Shares of No. 1 PC maker Lenovo fell 5 percent after the company reported fiscal second-quarter revenue that fell short of estimates – even though its net income exceeded expectations.
A 2 percent decline in sales in the China market, which has long been a growth engine for Lenovo, put a damper on the company’s revenue. China accounted for 36 percent of worldwide revenue.
Overall revenue rose 7 percent to $10.5 billion, but analysts polled by Bloomberg News had been projecting sales of $11.3 billion.
“The industry is changing from the past, when China grew much faster than the rest of the world,” CEO Yang Yuanqing told Bloomberg in an interview. “China will not see further hypergrowth.”
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Lenovo is based in China and has a headquarters in Morrisville.
Net income rose 19 percent to $262 million. That outpaced the $259.8 million analysts were projecting.
“We continue to deliver our commitment to improving profitability,” Yang said during a conference call.
Sales of higher-margin PCs during the quarter helped boost profitability, Wong Wai Ming, chief financial officer, said during the call.
PC sales in North America outpaced the market, enabling the company to gain nearly one-half a point of market share, and revenue rose “right around the double-digit range,” Jay Parker, president of North American operations, said in an interview.
“Maybe as importantly, we actually here in North America improved margins by a point over last year,” Parker said. “Ultimately, that resulted in record profitability in North America.”
Parker said that the average selling price of its products has been rising, particular in its consumer line-up. That includes strong sales of Yoga “convertibles” that function as both a laptop and a tablet.
Lenovo’s shares in Hong Kong closed Thursday at $10.78, down 58 cents.
The company’s stock-like American depositary receipts, which are traded in the U.S., were trading at $27.79, down $1.79, Thursday morning.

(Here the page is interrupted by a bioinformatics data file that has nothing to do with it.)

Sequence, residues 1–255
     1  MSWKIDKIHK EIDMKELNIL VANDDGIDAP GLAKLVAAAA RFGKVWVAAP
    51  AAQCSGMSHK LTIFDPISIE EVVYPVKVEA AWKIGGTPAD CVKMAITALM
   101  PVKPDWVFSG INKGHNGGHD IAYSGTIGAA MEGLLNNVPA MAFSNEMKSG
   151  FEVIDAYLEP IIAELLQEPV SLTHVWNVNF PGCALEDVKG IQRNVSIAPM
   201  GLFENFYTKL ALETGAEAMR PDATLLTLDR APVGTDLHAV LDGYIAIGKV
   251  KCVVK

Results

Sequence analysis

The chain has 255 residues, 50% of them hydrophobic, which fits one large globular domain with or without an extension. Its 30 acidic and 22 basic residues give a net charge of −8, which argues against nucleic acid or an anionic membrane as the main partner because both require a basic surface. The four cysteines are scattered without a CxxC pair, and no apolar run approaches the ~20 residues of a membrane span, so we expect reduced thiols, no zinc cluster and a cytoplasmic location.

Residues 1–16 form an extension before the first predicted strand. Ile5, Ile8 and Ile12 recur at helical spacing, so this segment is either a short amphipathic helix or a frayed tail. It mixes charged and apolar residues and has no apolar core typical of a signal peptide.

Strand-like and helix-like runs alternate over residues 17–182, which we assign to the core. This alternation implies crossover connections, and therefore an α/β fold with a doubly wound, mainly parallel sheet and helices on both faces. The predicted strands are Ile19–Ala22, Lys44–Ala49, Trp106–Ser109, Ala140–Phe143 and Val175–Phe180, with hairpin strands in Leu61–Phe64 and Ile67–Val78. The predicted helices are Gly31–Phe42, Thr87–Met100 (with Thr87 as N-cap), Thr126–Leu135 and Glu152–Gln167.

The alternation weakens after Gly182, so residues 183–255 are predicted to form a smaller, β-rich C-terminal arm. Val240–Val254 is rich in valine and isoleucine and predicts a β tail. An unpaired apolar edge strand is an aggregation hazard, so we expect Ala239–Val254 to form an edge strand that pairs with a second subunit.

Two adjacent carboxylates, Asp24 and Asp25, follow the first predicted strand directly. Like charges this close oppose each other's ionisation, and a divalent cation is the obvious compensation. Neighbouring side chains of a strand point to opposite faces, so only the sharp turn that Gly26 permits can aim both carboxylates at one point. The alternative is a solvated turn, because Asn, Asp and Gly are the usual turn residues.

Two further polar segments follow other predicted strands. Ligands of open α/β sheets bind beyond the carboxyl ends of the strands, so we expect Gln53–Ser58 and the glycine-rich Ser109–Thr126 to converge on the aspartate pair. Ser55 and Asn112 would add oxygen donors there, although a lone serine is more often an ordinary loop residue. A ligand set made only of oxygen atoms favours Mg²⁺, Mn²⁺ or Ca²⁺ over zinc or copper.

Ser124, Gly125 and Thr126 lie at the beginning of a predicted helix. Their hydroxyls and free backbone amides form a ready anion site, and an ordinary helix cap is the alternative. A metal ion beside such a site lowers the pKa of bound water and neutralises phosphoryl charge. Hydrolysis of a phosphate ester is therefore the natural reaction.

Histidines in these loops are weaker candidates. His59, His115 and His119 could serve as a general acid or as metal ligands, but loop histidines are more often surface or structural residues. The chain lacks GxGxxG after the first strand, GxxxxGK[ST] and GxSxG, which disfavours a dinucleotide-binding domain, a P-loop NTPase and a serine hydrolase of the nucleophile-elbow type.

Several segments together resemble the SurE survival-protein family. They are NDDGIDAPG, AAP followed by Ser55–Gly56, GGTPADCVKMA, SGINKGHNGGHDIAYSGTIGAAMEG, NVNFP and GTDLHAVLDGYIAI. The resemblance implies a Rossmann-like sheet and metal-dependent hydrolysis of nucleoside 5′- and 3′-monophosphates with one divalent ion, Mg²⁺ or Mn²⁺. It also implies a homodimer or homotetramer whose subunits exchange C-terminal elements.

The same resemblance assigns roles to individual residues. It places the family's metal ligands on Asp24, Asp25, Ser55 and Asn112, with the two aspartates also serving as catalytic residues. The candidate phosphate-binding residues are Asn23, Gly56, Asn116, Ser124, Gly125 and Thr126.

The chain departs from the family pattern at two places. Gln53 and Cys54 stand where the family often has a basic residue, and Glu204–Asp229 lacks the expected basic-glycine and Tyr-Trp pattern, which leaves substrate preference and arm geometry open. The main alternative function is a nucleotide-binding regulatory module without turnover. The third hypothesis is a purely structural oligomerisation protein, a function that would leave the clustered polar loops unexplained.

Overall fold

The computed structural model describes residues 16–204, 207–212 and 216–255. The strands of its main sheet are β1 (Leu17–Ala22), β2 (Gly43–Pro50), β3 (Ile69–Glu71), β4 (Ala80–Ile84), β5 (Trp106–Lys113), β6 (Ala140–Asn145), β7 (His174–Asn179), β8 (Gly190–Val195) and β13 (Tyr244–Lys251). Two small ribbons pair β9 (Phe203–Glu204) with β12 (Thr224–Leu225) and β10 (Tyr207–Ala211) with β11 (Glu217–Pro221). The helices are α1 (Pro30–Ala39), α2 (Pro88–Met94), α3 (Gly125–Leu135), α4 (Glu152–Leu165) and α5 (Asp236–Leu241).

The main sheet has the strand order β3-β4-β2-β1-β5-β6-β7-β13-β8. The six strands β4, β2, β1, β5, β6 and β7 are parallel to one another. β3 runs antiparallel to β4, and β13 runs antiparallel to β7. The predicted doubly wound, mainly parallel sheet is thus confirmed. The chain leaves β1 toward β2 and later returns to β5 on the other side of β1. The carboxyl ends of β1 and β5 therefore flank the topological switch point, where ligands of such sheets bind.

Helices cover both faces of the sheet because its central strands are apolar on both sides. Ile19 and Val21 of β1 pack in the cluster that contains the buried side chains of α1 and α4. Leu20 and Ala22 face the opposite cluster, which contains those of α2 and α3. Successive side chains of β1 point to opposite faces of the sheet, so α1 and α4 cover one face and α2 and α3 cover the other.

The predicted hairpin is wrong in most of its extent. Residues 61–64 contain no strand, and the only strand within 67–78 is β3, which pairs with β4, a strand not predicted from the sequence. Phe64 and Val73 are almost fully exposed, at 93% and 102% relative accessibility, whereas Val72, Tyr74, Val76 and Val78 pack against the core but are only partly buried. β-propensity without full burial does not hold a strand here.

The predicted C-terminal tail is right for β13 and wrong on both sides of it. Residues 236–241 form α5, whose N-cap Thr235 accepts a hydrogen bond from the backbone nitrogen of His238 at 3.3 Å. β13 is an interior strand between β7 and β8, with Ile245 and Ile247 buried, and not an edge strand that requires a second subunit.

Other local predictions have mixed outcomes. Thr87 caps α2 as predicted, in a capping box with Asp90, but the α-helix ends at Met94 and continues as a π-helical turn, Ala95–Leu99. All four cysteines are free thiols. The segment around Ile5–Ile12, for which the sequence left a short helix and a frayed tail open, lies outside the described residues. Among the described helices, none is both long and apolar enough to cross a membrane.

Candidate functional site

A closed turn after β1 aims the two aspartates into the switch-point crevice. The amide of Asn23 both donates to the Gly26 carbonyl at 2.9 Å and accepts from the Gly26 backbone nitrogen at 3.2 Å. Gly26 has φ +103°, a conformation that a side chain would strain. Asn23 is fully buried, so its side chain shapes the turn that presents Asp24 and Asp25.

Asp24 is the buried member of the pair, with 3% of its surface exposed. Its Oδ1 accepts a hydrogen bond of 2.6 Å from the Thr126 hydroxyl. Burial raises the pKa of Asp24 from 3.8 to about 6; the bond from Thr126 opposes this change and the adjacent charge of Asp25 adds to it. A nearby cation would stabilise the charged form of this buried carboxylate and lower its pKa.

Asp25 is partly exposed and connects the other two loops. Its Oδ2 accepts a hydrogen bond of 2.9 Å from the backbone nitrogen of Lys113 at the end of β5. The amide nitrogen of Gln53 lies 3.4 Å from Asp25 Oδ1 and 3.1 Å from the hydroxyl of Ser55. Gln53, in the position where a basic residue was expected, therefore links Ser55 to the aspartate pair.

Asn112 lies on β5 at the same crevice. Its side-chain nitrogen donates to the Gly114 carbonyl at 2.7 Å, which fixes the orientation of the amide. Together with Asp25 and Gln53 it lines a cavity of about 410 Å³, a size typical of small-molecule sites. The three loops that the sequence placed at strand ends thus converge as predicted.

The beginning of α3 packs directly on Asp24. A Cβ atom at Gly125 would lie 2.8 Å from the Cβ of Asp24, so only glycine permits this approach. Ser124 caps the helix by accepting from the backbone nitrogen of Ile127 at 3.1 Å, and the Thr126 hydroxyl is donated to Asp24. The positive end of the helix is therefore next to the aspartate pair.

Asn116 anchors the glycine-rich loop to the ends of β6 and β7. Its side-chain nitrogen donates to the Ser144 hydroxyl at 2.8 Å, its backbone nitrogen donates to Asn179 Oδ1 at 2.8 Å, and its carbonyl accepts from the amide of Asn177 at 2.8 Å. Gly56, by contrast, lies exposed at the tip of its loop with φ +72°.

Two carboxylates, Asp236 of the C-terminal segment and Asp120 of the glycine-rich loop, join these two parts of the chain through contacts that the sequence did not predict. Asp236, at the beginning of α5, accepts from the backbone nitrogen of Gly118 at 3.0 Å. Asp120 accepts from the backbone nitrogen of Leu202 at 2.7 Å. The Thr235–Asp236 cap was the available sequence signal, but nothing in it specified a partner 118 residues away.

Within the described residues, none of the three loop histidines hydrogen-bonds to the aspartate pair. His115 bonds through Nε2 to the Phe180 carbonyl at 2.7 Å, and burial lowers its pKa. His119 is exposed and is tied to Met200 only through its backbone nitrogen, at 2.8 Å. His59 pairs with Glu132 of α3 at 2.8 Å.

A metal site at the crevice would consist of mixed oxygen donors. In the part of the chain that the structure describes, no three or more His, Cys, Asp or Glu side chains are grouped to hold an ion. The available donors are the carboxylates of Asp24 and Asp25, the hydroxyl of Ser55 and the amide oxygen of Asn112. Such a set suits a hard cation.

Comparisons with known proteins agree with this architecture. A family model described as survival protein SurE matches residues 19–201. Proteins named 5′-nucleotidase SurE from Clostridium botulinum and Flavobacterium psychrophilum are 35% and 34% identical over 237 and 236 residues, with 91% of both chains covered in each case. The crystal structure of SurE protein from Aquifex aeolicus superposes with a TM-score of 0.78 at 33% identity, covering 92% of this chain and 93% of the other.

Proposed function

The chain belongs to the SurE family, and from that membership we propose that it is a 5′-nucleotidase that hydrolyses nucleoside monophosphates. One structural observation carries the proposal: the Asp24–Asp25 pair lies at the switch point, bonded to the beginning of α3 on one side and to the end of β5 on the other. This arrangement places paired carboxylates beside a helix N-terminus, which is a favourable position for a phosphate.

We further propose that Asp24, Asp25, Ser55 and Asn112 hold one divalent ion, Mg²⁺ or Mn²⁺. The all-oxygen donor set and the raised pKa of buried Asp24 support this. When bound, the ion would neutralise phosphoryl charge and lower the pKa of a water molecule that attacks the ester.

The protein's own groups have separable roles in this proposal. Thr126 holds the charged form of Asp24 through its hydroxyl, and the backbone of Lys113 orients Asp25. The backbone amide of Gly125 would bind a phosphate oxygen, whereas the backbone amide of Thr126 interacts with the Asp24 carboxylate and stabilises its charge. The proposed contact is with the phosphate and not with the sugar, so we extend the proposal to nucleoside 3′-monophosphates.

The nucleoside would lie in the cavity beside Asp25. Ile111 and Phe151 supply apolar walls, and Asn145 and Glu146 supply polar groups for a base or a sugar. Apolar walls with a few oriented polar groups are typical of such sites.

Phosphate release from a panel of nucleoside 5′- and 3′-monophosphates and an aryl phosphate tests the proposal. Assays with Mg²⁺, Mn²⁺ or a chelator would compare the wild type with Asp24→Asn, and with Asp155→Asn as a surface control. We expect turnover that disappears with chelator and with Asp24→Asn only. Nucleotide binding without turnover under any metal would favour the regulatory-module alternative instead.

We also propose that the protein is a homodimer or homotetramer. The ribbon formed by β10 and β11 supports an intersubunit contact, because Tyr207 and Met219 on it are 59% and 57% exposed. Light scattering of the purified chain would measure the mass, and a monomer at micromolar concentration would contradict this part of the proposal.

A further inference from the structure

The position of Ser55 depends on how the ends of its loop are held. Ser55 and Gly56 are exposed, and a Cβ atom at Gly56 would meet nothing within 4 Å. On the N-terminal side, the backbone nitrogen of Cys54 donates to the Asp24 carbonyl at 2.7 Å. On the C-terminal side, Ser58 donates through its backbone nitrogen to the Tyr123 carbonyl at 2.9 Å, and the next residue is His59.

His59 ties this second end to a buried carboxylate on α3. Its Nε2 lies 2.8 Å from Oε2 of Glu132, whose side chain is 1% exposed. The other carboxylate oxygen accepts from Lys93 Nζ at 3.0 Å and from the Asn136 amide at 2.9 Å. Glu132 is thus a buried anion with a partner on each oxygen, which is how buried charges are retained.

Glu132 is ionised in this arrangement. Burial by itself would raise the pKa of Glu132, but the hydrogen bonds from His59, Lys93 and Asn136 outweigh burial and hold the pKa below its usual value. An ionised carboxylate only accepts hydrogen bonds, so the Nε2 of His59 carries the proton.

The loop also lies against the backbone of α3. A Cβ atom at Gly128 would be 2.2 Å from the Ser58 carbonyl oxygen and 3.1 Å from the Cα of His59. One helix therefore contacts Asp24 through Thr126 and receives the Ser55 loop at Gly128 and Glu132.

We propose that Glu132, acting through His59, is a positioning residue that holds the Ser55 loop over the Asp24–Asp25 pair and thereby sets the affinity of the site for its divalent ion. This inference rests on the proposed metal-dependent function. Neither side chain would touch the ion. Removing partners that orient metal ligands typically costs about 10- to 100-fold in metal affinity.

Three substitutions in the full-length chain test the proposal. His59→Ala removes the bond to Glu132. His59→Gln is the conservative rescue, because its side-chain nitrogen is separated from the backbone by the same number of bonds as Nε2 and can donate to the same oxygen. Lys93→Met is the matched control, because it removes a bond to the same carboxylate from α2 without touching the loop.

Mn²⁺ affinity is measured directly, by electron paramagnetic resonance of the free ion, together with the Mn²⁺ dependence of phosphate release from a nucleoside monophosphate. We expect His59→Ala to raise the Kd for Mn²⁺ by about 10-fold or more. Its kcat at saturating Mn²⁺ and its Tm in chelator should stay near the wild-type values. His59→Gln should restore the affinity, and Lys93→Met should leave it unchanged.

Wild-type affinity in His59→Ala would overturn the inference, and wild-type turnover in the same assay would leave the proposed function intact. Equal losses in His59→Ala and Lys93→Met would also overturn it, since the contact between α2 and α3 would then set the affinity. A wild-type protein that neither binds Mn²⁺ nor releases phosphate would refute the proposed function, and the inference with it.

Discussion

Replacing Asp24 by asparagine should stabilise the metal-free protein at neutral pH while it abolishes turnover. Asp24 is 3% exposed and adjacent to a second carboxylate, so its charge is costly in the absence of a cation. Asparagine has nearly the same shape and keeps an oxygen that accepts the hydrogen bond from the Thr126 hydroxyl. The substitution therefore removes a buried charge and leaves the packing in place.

Lenovo has been the top PC maker for six consecutive quarters and boosted its worldwide market share to 19.7 percent, up 2.1 percentage points from a year ago. The company also is No. 3 in tablet sales, with tablet shipments rising 30.6 percent.
Smartphone shipments rose 38 percent from a year ago. Lenovo has been diversifying beyond PCs, which has become a slow-growth market. It sells smartphones in 45 countries.
The third-quarter earnings don’t reflect the company’s recently completed major acquisitions: the $2.91 billion of the Motorola Mobility mobile phone business from Google and the $2.1 billion acquisition of a line of servers from IBM.
With those deals, Lenovo rose from tied at No. 4 to No. 3 in the worldwide smartphone market and also jumped to No. 3 in the global server market. The Motorola acquisition also moves Lenovo into the U.S. smartphone market for the first time.
The addition of former IBM employees boosted the company’s Triangle workforce by 1,300 workers – from 2,200 to 3,500.
Lenovo is gearing up for the all-important holiday sales season with “some major marketing and merchandising efforts,” Parker said. “Just this week a major Yoga advertising campaign kicked off on network television in partnership with Microsoft.”
Those ads extol the benefits of the Yoga versus Apple’s MacBook Air.
“We are very excited about it and think this it will be a huge boon to our consumer business this holiday,” Parker said.